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Building Safer Homes

Lack of adequate housing for children, the sick, and elders is one of the most critical problems facing those living in poverty in Issan, Thailand.  Many homes are built haphazardly from scrap materials found nearby, and very few have doors, much less doors that lock. Every person has the right to safe, secure shelter that protects them from dangerous elements – both natural and human . Mundo Exchange teams up with local communities to ensure that every family has a roof over their heads.

Safer Homes

$770 of $4,000 raised
Personal Info

Donation Total: $28

$770 of $4,000 raised
Mundo Exchange is constantly alerted by our community partners about individuals and families in dire need of a safe home.

This family was brought to our attention by the local government. The family consisting of the mother, father, and two little girls aged 6 and 7 lived in nothing more than a dilapidated tin box without any door or windows. In the summer the temperatures within the house would rise to dangerous levels causing fear of heat stroke or dehydration; in the rainy season they were virtually unprotected from the elements and prone to mold, insects and flooding.

We at Mundo agreed that living in a house of this condition is de-humanizing, high-stress, emotionally draining, and physically dangerous for the family.

Partway through the planning process the father, who was struggling with addiction, died suddenly of a heart attack-leaving behind a young mother struggling with severe health problems and their two little girls. While living he was unabe to provide for his family’s needs, creating only chaos and fear for his family. With him gone, this mother and her two 6 and 7 year old  girls were not only left to fend for themselves, but were without a safe home to live in. They were now completely vulnerable to outside predators – human or animal.

Every woman and child deserves to feel safe in their own home.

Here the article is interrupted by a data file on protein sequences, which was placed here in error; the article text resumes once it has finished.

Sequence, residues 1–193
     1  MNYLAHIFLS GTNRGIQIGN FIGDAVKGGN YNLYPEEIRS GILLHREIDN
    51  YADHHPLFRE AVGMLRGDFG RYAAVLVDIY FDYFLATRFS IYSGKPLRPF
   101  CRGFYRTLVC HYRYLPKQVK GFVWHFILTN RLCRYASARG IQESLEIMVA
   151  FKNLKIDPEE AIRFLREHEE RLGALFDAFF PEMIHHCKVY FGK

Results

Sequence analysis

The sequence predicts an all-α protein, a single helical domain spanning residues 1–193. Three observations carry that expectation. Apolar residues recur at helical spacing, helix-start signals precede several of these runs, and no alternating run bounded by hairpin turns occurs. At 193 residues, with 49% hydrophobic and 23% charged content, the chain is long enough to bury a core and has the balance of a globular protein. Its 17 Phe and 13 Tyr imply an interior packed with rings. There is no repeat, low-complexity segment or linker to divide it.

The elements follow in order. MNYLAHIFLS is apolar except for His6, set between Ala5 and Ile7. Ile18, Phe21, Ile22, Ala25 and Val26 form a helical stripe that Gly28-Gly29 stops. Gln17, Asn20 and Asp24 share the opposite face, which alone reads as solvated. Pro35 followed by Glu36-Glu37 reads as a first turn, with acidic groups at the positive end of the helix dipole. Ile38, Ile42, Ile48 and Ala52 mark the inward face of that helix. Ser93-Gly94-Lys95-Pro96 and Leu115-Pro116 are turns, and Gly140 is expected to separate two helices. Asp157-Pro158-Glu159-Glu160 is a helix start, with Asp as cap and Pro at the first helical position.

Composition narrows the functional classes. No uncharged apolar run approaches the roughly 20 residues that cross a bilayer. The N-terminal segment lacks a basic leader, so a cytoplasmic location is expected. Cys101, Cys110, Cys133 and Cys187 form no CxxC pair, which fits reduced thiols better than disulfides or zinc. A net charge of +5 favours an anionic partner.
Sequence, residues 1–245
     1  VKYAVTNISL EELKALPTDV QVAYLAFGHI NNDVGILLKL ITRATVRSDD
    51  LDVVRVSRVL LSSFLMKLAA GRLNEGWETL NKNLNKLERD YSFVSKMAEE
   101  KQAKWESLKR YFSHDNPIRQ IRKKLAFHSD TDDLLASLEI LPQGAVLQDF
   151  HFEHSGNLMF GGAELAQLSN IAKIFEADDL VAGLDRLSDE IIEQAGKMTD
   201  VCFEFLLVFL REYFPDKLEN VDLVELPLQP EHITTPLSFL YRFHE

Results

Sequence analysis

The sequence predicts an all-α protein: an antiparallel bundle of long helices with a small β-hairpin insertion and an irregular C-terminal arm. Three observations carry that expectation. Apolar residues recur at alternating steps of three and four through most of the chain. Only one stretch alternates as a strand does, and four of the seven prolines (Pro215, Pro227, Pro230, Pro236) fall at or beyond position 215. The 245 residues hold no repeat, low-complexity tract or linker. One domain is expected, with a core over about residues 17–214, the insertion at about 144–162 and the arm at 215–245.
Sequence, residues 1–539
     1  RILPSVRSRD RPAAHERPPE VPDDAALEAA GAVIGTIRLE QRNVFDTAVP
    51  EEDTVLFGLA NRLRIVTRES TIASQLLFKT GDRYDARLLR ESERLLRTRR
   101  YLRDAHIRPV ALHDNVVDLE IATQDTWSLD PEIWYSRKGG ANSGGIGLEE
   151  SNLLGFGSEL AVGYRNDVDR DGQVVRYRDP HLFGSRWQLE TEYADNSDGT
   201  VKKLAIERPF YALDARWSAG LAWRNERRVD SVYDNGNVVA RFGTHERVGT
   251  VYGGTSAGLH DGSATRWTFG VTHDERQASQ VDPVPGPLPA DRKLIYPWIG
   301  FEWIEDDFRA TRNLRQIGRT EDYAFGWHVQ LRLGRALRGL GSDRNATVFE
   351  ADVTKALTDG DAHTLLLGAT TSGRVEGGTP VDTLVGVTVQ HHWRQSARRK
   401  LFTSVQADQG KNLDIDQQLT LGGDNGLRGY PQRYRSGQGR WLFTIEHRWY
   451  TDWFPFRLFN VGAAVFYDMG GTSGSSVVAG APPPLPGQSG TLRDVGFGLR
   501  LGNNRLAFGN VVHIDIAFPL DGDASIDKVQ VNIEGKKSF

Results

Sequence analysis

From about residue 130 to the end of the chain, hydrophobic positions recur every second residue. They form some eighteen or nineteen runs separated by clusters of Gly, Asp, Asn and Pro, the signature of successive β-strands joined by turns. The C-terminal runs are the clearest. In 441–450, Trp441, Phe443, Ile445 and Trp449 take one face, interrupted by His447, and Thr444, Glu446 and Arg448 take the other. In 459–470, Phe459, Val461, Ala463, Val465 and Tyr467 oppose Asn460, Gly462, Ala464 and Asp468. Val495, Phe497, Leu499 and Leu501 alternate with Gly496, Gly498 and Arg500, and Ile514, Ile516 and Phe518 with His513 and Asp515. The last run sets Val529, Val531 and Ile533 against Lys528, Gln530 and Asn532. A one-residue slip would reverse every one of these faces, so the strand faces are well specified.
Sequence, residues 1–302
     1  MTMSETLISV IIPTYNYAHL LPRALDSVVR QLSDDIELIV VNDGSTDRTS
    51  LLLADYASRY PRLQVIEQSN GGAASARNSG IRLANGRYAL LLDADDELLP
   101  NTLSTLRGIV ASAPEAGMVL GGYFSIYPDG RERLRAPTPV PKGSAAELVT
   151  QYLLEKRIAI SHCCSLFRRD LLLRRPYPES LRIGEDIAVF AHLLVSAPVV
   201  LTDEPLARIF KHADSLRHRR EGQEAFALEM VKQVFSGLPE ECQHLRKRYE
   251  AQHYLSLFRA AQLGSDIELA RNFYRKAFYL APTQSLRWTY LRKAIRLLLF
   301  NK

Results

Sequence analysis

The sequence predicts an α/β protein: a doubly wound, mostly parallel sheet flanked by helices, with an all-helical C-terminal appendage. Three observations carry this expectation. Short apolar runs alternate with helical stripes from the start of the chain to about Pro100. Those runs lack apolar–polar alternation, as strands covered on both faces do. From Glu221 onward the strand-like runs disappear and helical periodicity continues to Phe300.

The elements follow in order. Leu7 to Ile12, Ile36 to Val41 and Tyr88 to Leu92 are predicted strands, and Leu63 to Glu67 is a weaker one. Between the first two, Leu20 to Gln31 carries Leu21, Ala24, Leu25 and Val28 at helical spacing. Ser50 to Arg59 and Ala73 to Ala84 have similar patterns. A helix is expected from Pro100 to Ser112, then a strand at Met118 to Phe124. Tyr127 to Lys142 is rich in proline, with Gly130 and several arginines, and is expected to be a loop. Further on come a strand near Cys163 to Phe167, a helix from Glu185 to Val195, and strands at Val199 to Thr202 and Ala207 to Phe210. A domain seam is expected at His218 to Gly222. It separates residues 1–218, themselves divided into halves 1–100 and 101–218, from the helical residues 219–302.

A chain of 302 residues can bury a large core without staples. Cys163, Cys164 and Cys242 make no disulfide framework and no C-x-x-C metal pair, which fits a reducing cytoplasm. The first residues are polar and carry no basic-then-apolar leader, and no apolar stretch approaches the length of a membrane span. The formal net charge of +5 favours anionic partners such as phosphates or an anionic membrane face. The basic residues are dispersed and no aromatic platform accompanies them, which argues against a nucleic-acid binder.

Many days these girls cannot attend school because they are out with their mother foraging for food to survive. These extreme living conditions lead to learning disavantages, lack of opportunities, feelings of inadequacy, malnutrition, and a deeper plunge into poverty. Yet aimdst all this turmoil they can still smile and find joy in knowing there are people that care. Mundo collaborated with the local government  and renovated their home with cement flooring both inside and out, a locking door, windows and a leak free roof. Thank you for helping us give this woman and her girls the comfort of being able to fall asleep knowing they will be safe that night! You can see the completed home here. Please continue to help us bring basic needs to more families in this area.

Mundo Exchange's goal is to build or repair homes so that they are sturdy, safe, and secure from outside intruders.

How we decide

With such great need for safer homes to be built, its difficult to decide where to start. We typically place families with young children, those who are ill, and elders in priority. We roughly follow three main themes for assessing those most at risk.
1. Lighting and unsafe wires: Homes with poor or improperly installed electric create a hazardous environment. In many cases there are cords, cables and other wires exposed to the elements and placed in areas where they are likely to get caught up on or tripped over. Often times things are not installed correctly, and with dodgy electric wires exposed – during monsoon season especially – there is a high risk of fire, electrocution or tripping. 2. House design: Mundo’s first priority is homes without doors, windows or roofs, leaving families or individuals at a high risk of vulnerability. Many homes we come across have a flimsy metal sheet for a door that cannot be locked or properly closed. Children and women are especially at risk for abuse from predators. 3. Ease of mobility: Mundo Exchange is also concerned about mobility issues, especially for persons with disabilities and the elderly. For example, one project Mundo tackled was building a bathroom for an elderly couple; the woman was about 88 years old and blind, and her husband even older. They had to leave the house to use their squat toilet in a bathroom across the yard.  In rainy season it was so muddy it was inaccessible. Every person should be able to use the bathroom in a dignified way within their own home. We built a bathroom inside the home for this couple, complete with a western toilet and bars to help them sit down and stand up when using the toilet.